At this point, Stein makes a narrative comment about how this guy really does believe in Intelligent Design, it just depends on who “the designer” might be.
And that, my friends, is where the REAL friction on ID begins.
Fear of being wrong and having to give up their position.
Atheists in the Science realm are scared that if the designer really IS God, then they’ve been wrong – so they don’t want to do the work to disprove the theory and instead just shoot it down as “a bunch of crazy creationists” trying to put God in the classroom again.
But just as distressing is the fear that Christian supporters of Intelligent Design face whenever the potential of losing their job, their livelihoods or their credibility just for mentioning the possible existence of a grand designer in the scheme of the world. As a result, they’re being labeled as crazies or ignoring the calling that could bring the truth to light.
What if the missing link IS God? Is that so bad? Why does science and God (not church or “religion”, but the existence of another intelligent creator) have to be mutually exclusive?
Instead of pursuing science for the sake of discovering truth, people on both sides are afraid – paralyzed by what the “real truth” might be.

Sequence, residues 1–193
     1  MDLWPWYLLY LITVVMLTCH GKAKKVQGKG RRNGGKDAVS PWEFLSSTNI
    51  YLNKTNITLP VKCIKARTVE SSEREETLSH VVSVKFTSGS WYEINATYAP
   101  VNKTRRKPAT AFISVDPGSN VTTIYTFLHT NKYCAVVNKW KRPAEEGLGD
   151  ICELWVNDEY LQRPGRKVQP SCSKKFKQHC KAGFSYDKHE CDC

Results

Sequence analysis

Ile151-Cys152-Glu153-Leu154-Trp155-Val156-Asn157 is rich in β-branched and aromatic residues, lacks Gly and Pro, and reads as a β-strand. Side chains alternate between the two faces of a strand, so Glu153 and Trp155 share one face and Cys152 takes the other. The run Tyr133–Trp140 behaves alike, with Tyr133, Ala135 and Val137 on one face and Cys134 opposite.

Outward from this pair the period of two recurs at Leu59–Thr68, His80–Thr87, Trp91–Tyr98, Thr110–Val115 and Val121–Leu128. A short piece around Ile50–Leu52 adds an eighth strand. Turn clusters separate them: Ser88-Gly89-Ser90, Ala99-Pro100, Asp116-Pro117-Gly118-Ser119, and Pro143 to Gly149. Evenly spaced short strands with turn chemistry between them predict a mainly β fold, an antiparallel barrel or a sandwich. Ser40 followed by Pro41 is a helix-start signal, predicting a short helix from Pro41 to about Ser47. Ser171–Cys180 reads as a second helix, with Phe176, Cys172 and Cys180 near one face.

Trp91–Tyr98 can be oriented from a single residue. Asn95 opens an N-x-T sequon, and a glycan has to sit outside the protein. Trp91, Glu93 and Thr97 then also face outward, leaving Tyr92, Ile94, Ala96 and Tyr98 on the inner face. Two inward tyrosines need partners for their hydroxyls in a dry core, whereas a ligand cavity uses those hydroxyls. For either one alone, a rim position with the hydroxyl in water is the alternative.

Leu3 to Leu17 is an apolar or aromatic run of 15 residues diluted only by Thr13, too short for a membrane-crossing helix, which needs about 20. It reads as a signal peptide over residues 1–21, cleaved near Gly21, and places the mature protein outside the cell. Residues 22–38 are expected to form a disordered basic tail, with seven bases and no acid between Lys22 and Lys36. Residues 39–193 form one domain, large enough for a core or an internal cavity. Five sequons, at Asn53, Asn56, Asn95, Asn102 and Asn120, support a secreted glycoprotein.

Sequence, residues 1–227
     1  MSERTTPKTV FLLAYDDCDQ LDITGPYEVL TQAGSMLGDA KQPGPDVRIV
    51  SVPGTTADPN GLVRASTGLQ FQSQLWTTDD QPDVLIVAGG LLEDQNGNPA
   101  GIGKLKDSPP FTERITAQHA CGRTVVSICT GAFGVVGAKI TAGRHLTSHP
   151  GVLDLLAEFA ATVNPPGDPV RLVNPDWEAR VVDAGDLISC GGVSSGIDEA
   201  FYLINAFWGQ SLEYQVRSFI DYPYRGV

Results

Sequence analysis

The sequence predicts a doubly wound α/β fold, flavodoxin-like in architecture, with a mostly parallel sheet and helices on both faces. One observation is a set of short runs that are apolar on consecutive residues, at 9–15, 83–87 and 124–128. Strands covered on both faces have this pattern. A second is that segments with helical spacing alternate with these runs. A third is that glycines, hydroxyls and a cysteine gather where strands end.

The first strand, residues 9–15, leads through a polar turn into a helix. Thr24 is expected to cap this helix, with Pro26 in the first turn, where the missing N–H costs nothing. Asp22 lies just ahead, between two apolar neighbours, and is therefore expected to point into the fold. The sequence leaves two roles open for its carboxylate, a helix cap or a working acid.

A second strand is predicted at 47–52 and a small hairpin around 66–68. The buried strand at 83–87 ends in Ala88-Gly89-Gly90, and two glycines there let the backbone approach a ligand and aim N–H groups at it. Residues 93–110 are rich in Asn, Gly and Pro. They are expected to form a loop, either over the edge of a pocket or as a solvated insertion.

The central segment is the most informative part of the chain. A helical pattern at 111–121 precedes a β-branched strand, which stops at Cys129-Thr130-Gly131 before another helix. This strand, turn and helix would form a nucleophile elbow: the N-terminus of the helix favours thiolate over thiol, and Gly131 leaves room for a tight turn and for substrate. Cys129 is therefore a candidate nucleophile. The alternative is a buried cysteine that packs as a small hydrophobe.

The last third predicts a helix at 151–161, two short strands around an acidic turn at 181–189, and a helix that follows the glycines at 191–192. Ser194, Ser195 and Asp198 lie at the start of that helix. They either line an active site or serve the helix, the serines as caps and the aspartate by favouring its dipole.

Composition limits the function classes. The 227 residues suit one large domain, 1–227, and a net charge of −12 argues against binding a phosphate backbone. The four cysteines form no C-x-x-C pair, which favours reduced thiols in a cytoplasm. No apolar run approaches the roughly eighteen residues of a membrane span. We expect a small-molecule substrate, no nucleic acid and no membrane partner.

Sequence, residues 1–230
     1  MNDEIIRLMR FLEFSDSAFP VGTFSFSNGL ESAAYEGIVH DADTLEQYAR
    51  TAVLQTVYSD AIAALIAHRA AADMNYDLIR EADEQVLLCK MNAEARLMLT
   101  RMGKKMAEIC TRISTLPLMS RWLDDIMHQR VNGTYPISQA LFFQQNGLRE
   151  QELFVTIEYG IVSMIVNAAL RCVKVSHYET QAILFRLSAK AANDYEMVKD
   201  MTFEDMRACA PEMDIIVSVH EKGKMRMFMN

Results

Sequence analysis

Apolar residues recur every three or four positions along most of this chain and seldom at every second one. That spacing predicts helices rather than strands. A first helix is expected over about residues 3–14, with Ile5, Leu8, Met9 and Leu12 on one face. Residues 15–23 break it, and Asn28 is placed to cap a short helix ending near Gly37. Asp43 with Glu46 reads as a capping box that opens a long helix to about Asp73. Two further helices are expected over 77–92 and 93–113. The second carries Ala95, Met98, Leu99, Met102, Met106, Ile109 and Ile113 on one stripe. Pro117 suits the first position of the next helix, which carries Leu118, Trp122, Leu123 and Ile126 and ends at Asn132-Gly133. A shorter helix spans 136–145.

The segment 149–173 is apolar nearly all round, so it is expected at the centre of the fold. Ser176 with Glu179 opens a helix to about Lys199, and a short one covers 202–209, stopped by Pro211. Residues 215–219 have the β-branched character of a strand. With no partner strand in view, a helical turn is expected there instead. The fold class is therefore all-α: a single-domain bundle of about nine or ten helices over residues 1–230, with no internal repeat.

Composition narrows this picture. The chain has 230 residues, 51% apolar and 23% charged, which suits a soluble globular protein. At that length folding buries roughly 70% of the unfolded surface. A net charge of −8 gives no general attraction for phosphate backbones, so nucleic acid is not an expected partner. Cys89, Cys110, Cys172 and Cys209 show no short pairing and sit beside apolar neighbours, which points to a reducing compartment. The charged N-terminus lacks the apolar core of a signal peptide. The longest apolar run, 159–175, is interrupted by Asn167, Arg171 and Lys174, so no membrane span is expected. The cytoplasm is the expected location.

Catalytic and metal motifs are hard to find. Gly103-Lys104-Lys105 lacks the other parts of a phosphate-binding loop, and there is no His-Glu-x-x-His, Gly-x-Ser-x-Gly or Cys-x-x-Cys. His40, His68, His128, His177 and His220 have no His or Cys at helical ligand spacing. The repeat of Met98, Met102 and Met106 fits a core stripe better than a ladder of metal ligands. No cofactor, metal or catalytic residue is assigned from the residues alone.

As a card carrying Christian, I’ll get hate mail. I’m sure. As a lover of research and the desire to learn, I hope that people take this for what it’s for – an honest expression of frustration at the FEAR that pervades an organization designed to pursue truth.
To me, that’s what science is. Learning what’s true. I intentionally didn’t include theorems, postulates or other “data and errata” to cloud what I see as a clear cut case of fear in action.
Let’s stop being afraid.
In science, we create a hypothesis, we test it, and explore it until we either prove it or disprove it based on experiential data.
My personal hypothesis is that God created the heavens and the earth and all the good things we get to experience around here. And until I’m proven wrong, that’s how I’m living my life.
If you have a different personal hypothesis, that’s your choice, and I respect it, even if I don’t agree. It’s in the testing of those hypotheses that we discover the truth – both our personal truth and the truth of our world.
Will I be a fool because I believed in God? To me, it’s not about being foolish. That’s not my place to make that judgment call.
Look at it this way, if the ultimate truth is that we DID evolve from some primordial ooze on some planet somewhere, am I worse off for having had a hope in a divine creator? Will they string me up for believing in God?
On the other hand, if God DOES exist, and He DOES have final judgment, what will HE say to all those that were afraid to test the personal hypothesis? What will He DO to all those that rallied around Neo-Darwinism?
This is not to say that we DIDN’T evolve in some manner. As one scientist pointed out, variations occur in nature over time. That is, in the roughest sense, what evolution is about.
I don’t think that evolution and creation need to be mutually exclusive. In fact, I assert that they’re not. Further, I think that my Creator gave us free will so we COULD evolve and improve, grow and expand our horizons, to overcome our fears, face our obstacles and learn new truths daily.
And I have the high heels to prove it.